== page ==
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William Randolph Hearst was an American newspaper magnate. Hearst was a leading newspaper publisher. The son of self-made millionaire George Hearst, he became aware that his father had received a northern California newspaper, The San Francisco Examiner, as payment of a gambling debt. Still a student at Harvard, he asked his father to give him the newspaper to run. In 1887, he became the paper's publisher and devoted long hours and much money to making it a success. Crusading for civic improvement and exposing municipal corruption, he greatly increased the paper's circulation.

Moving on to New York City, he acquired The New York Journal and engaged in a bitter circulation war with Joseph Pulitzer's New York World that led to the creation of "yellow journalism"--sensationalized stories of dubious veracity. Acquiring more newspapers, Hearst ultimately created a chain that at its peak numbered nearly 30 papers in major American cities. Eventually, he expanded into magazines as well, building the largest newspaper and magazine chain in the world.

Although he was elected two times to the U.S. House of Representatives, he was defeated in 1906 in a race for governor of New York. Nonetheless, through his newspapers and magazines, he exercised enormous political influence, most notably in whipping up the public frenzy that pushed the U.S. into war with Spain in 1898. His life story was a source of inspiration for the lead character in Orson Welles' classic film, Citizen Kane.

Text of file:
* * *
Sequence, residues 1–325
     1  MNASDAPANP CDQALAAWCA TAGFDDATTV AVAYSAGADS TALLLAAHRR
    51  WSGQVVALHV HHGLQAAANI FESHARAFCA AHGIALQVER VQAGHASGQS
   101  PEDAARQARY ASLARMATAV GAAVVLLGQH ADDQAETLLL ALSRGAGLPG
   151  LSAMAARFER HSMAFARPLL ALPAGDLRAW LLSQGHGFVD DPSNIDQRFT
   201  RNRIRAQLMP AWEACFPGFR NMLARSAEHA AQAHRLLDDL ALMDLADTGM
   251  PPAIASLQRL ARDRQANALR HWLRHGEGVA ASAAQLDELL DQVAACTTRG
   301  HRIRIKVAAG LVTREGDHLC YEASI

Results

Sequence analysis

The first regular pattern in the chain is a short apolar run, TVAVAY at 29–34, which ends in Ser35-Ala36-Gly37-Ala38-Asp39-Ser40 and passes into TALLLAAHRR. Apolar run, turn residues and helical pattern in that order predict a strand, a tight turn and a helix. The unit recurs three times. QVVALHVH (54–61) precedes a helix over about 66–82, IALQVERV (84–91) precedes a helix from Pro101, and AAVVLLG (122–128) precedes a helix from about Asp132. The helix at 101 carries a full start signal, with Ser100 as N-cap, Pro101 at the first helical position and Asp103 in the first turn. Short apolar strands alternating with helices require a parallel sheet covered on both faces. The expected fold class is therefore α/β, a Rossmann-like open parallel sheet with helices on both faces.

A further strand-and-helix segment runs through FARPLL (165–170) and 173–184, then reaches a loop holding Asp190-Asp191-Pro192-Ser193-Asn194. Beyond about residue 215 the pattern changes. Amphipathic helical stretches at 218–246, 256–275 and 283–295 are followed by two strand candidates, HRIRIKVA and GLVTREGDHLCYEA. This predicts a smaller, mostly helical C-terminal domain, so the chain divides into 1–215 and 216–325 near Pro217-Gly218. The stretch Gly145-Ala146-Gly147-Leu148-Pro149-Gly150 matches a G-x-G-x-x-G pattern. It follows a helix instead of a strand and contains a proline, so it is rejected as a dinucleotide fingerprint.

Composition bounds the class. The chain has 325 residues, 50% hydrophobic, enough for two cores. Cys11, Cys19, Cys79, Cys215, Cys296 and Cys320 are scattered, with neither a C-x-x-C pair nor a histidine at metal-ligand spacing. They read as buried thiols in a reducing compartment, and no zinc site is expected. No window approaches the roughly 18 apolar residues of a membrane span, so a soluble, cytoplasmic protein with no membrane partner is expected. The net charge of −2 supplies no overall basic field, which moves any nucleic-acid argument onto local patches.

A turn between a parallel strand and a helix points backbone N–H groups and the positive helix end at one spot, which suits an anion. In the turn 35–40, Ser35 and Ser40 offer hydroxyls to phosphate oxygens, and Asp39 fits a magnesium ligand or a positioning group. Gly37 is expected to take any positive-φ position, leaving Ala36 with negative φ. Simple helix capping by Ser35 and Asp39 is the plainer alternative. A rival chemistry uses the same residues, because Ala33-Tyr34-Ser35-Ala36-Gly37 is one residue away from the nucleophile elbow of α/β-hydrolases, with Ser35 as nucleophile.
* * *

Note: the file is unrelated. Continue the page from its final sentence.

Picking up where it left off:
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William Randolph Hearst was an American newspaper magnate. Hearst was a leading newspaper publisher. The son of self-made millionaire George Hearst, he became aware that his father had received a northern California newspaper, The San Francisco Examiner, as payment of a gambling debt. Still a student at Harvard, he asked his father to give him the newspaper to run. In 1887, he became the paper's publisher and devoted long hours and much money to making it a success. Crusading for civic improvement and exposing municipal corruption, he greatly increased the paper's circulation.

Moving on to New York City, he acquired The New York Journal and engaged in a bitter circulation war with Joseph Pulitzer's New York World that led to the creation of "yellow journalism"--sensationalized stories of dubious veracity. Acquiring more newspapers, Hearst ultimately created a chain that at its peak numbered nearly 30 papers in major American cities. Eventually, he expanded into magazines as well, building the largest newspaper and magazine chain in the world.

Although he was elected two times to the U.S. House of Representatives, he was defeated in 1906 in a race for governor of New York. Nonetheless, through his newspapers and magazines, he exercised enormous political influence, most notably in whipping up the public frenzy that pushed the U.S. into war with Spain in 1898. His life story was a source of inspiration for the lead character in Orson Welles' classic film, Citizen Kane. More...

 
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